It’s welfare redux time. Yesterday, the Congressional Budget Office reported that the Obamacare will cost the country the equivalent of 2.5 million full-time jobs by 2024, as people choose not to work or work less in order to keep their Obamacare subsidy. Meanwhile, the Brookings Institution announced yesterday that Obamacare stands to shift wealth from the top 80 percent on America’s income ladder to the lowest fifth—a cash grab from most of the bottom half. President Obama and his congressional allies have sacrificed the work ethic and growth on the altar of the Democrats’ upstairs-downstairs coalition, with the emphasis on “downstairs.”
That Obama would go gunning for affluent America was no secret. As a candidate, sticking it to the relatively rich was a principle from day one. On the stump, Obama intoned, “I can make a firm pledge. Under my plan no family making less than $250,000 a year will see any form of tax increase. Not your income tax, not your payroll tax, not your capital gains taxes, not any of your taxes.”
Well, it now looks like Obama has played us again, just as he did when he “promised” that if we liked our healthcare we could keep it. Yes, Obama was sort of, proximately, true to his word when he raised taxes on Americans earning $250,000 and up. But, here’s where Obama as Pinocchio comes in.
The president hit working and lower middle income America hardest. So while the stock market was setting new highs in 2013, working America was socked with a Social Security tax hike, and has now been told that it will shoulder a larger share of Obamacare’s burden than those closest to the apex of the income pyramid—that is, if they are foolish enough to keep working.
As an apparently punch-drunk but honest Senate Majority Leader Harry Reid (D-Nev.) phrased it, “We live in a country where we should be free agents. People can do what they want.”
Regardless, Obamacare is looking a lot less about Obama and his vaunted calls for “justice,” and a lot more like Chicago or New Jersey-style vengeance—with a dollop of “whatever” thrown in for kicks. As it is playing out, Obamacare appears increasingly as if it were designed to punish the Republican rank and file, while haphazardly rewarding the Democrats’ core. And if someone gets hurt that shouldn’t have been, so be it, like those someones who earn between $30,000 and $50,000.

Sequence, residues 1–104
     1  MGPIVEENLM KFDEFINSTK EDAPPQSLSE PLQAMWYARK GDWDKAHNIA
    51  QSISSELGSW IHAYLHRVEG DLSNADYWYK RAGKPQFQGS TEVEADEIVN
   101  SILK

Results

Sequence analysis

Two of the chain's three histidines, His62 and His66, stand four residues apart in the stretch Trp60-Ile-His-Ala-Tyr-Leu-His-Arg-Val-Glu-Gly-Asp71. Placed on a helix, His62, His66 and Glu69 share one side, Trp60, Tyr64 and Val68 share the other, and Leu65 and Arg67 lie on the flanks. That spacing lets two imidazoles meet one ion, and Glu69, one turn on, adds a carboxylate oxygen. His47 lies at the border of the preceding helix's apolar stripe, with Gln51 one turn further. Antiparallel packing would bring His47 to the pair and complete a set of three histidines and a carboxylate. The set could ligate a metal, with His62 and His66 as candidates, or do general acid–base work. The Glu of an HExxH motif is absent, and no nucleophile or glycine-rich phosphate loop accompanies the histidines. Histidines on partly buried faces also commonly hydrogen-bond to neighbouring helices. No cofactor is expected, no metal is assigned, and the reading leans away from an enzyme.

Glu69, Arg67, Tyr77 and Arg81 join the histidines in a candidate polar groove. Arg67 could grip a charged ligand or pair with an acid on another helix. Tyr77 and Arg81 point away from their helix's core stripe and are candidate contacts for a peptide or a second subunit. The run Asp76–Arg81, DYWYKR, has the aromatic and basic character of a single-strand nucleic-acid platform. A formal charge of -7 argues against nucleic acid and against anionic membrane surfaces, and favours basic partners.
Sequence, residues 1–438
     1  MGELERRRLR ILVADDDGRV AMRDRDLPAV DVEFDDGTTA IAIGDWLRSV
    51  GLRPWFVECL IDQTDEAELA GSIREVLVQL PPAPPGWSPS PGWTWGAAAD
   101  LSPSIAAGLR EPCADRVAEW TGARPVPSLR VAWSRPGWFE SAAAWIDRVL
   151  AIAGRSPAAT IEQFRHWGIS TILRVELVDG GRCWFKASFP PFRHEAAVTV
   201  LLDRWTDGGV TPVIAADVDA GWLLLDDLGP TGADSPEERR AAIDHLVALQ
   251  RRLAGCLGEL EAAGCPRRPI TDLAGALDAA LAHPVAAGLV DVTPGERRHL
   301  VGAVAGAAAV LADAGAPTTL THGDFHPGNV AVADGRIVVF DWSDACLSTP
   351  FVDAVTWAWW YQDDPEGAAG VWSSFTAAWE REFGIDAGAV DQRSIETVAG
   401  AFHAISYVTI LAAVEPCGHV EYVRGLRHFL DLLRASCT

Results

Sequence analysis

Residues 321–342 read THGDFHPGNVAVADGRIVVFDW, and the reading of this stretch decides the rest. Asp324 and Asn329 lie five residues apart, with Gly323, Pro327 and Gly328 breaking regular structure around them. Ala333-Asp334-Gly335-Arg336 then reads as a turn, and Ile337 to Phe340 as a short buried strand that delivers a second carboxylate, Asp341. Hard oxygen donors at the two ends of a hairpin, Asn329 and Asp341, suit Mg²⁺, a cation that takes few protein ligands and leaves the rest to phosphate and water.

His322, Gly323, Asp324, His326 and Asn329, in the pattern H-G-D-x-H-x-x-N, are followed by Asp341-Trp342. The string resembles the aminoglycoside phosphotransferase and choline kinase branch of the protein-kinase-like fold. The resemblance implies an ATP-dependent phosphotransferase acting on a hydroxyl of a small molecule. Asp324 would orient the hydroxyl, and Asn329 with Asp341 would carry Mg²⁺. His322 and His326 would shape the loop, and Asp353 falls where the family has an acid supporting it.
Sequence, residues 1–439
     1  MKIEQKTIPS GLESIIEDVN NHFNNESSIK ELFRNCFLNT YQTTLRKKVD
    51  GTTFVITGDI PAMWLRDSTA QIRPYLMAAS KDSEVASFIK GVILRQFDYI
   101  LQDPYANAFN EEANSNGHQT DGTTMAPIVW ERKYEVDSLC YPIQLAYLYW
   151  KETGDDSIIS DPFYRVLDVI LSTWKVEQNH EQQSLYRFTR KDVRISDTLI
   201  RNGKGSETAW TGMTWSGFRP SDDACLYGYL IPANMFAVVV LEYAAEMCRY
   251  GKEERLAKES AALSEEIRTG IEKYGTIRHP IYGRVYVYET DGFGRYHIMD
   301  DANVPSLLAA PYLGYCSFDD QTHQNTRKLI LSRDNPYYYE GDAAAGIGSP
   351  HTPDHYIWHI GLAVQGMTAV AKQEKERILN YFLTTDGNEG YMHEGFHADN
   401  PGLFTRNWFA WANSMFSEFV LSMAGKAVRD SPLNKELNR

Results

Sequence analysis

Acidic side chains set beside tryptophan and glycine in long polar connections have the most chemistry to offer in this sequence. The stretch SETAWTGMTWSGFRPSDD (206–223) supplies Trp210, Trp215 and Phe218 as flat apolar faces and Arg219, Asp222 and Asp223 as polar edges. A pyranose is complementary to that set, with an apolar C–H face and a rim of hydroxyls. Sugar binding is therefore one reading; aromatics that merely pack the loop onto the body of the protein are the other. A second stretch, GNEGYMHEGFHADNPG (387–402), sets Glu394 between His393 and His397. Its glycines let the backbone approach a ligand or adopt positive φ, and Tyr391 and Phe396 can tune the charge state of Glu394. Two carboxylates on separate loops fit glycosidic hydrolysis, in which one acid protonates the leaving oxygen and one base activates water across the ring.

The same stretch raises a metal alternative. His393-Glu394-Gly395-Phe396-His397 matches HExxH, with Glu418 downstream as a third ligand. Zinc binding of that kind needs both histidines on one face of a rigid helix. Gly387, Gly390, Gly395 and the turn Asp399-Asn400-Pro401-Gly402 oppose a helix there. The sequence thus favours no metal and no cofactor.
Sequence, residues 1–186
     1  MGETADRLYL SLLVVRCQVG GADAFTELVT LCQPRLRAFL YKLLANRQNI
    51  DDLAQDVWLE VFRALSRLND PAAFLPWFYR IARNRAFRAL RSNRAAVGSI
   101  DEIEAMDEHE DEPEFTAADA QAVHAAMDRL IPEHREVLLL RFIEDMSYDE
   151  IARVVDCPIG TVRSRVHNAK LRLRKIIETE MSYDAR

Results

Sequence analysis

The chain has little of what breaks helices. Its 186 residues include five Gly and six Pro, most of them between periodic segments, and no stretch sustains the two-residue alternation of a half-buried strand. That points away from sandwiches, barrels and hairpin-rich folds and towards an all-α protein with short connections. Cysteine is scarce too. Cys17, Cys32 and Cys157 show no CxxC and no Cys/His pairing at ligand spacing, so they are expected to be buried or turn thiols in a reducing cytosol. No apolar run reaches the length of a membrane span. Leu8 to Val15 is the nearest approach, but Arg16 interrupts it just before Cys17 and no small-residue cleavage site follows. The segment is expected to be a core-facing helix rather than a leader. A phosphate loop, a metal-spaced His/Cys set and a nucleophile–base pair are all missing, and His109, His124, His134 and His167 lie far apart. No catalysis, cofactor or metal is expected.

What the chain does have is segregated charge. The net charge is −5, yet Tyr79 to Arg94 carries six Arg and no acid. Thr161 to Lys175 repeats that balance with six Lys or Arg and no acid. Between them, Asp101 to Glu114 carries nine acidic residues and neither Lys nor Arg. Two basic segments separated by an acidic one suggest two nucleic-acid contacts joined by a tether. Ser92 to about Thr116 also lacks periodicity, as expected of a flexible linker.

Just look at the 2012 exit polls. Two Novembers ago, Americans earning at least $50,000, and those living in small town, rural or suburban America voted for Mitt Romney, while those below the $50,000 line, or residing in America’s larger cities went for Barack Obama. 2008 told a similar story, with urban America and those under the $50,000 mark full-throatedly backing Obama’s bid for the White House, while the rest of the U.S. was more equivocal and more muted in its enthusiasm.
Against this backdrop, the political calculus for punishing the nearly 60 percent of voters with incomes above $50,000 must have stared Obama’s operatives in the face like a bull seeing red. But why tag those who make only between $30,000 and $50,000, and why throw a lead weight around the recovery?
But we do know why, and it’s called redistribution and it’s about demographics, much as the administration may half-heartedly deny it. Just ask William Daley, the former Obama White House Chief of Staff who helped make Obamacare the reality that it is. In Daley’s own words: “Redistribution is a loaded word that conjures up all sorts of unfairness in people’s minds. … It’s a word that, in the political world, you just don’t use.” Sometimes the truth can be so inconvenient.
This brings us to demographics and the Democrat’s upstairs-downstairs coalition. It relies heavily on political contributions from the rich on both coasts; prays for the votes of enough upscale suburbanites; and is electorally wedded to Americans in the lower socio-economic tiers who are disproportionately uninsured.
While non-Asian minorities comprise over 30 percent of the population, they are nearly half of the uninsured, according to the Department of Health and Human Services. Although Americans earning below $25,000 annually are approximately a fifth of the U.S., they too are over 30 percent of the uninsured, and how they vote is no secret.
So the Democrats and President Obama have bet America’s fate and future on an alliance of paupers and princes, with “pity-charity liberalism” as their touchstone. In the words of Michael Lind of the New America Foundation, these “charity liberals” have “preferred means-tested programs focused directly on the poor,” disdained “middle-class social insurance,” and favored “micromanagement of the behavior of the poor by upper-middle-class social workers.” As a political agenda, this translates into welfare and Obamacare for the Democratic base, jobs as social workers for the children, or their college roommates, of the Democratic Donor Class, and Social Security—well, we can talk about that later, but by all means let’s think about means testing it.
From Lyndon Johnson up until Bill Clinton, the Democrats divorced benefits from work, and managed only to elect the hapless Jimmy Carter to a single term. Then Bill Clinton took on Sister Souljah and welfare, and won the popular vote in five of the last six elections.
Right now it looks like back to the future, with Obamacare as the 21st century’s iteration of welfare, and the Democrats in danger of losing control of the Senate. In the words of Chris Cilizza of the Washington Post, “If the 2014 election is a referendum on President Obama, Democrats are in deep trouble.”
Let’s amend that statement. If the 2014 election is a referendum on Obamacare and welfare, can you say Majority Leader Mitch McConnell? Thank you Harry Reid, at least you told the truth.
Correction: A previous version of this article referred to Richard Daley, not William.